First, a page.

November 22, 2016

Demonetisation has turned India into world’s fastest slowing economy

Has government bitten more than it can chew via demonetisation? Has PM Narendra Modi bartered graver tangible hit to the economy and masses against little and vague long-term gains?  How to weigh the gains and losses of this huge reset minus rhetoric? 

As dreaded, demonetisation has started radiating its pain across the economy and by and large, Parliament debates have failed to convince the nation on gains and losses of this exercise. It is high time now to take a critical look at this massive disruption.

First, let’s get down to the facts:

1) Various independent estimates indicate that around 20 per cent of the black money is in cash possession while the rest is parked in land and jewellery.

2) Demonetisation against the black economy is largely limited to inflicting penalties on those who hold their black wealth in the form of cash at the moment of demonetisation.

3) Demonetisation has effectively wiped off 80 per cent of the currency in circulation although India trades and spends mostly in high denomination bills. This currency has to come for exchange in banks and other exchange centres.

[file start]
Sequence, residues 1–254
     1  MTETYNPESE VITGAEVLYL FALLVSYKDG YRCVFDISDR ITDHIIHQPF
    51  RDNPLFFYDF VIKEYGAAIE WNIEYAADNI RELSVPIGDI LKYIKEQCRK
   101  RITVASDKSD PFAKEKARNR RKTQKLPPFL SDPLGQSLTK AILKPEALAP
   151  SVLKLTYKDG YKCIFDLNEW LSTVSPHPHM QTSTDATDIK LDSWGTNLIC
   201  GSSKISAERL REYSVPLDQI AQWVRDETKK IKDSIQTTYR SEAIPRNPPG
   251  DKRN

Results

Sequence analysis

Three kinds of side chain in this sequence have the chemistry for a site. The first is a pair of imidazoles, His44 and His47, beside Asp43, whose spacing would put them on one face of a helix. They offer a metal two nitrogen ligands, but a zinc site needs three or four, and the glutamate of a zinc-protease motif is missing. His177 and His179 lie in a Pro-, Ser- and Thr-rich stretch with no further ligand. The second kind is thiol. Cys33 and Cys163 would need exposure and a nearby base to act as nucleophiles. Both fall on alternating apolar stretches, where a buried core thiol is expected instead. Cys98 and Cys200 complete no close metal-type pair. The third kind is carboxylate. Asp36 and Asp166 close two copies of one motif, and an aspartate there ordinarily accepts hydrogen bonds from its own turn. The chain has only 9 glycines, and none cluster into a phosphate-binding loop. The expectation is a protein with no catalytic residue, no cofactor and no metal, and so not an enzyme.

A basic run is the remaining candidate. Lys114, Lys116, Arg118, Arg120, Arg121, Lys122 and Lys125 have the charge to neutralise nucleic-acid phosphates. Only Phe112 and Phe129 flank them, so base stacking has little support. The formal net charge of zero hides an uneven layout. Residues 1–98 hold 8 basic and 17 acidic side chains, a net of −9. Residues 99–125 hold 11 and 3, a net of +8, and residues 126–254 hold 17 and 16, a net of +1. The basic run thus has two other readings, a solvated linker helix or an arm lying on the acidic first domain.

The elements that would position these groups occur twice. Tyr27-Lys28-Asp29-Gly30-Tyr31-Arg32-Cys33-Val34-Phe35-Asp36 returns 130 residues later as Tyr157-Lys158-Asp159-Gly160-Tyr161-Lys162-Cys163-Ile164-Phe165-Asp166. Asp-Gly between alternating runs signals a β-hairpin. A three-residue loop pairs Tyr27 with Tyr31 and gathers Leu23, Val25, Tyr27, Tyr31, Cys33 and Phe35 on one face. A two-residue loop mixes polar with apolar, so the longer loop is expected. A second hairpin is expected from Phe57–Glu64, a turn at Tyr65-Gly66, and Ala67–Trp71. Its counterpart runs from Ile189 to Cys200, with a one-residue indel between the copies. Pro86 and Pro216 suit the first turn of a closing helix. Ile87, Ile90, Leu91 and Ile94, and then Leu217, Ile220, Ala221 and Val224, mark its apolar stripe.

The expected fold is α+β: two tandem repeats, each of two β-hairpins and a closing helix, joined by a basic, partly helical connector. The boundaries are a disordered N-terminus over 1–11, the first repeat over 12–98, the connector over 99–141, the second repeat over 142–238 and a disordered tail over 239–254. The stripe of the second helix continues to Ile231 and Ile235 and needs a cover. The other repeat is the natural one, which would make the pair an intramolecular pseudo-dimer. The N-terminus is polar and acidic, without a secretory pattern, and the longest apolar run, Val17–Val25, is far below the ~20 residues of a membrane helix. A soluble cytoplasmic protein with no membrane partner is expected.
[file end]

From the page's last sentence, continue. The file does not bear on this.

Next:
4) India’s 11.8 per cent of economy deals in cash. India’s cash-to-GDP ratio is more or less parallel to many big economies. Germany’s cash-to-GDP ratio comes in at 8.7 per cent while the same ratio in France is at 9.4 per cent. Japan has 20.7 per cent cash economy.

5) As we know that cash economy is a complex mix of black and white transactions and cash generated through illegal means is also used in the creation of productive assets and demand, let’s give the cash economy a coherent classification.

Cash economy consists of two types of cash: accounted and unaccounted. Cash can become legal only when it is accounted either in tax or in the bank account. Whatever cash stays out of these accounts can be called unaccounted or black.

6) Whatever size one may estimate for the black economy, so far as the cash economy is concerned, it is perfectly measured and recorded by the Reserve Bank of India on a quarterly basis. Since the RBI keeps a record of every currency note printed, the data of the notes in circulation is synonymous with the cash economy.

How to estimate gains? 


No comments:

Post a Comment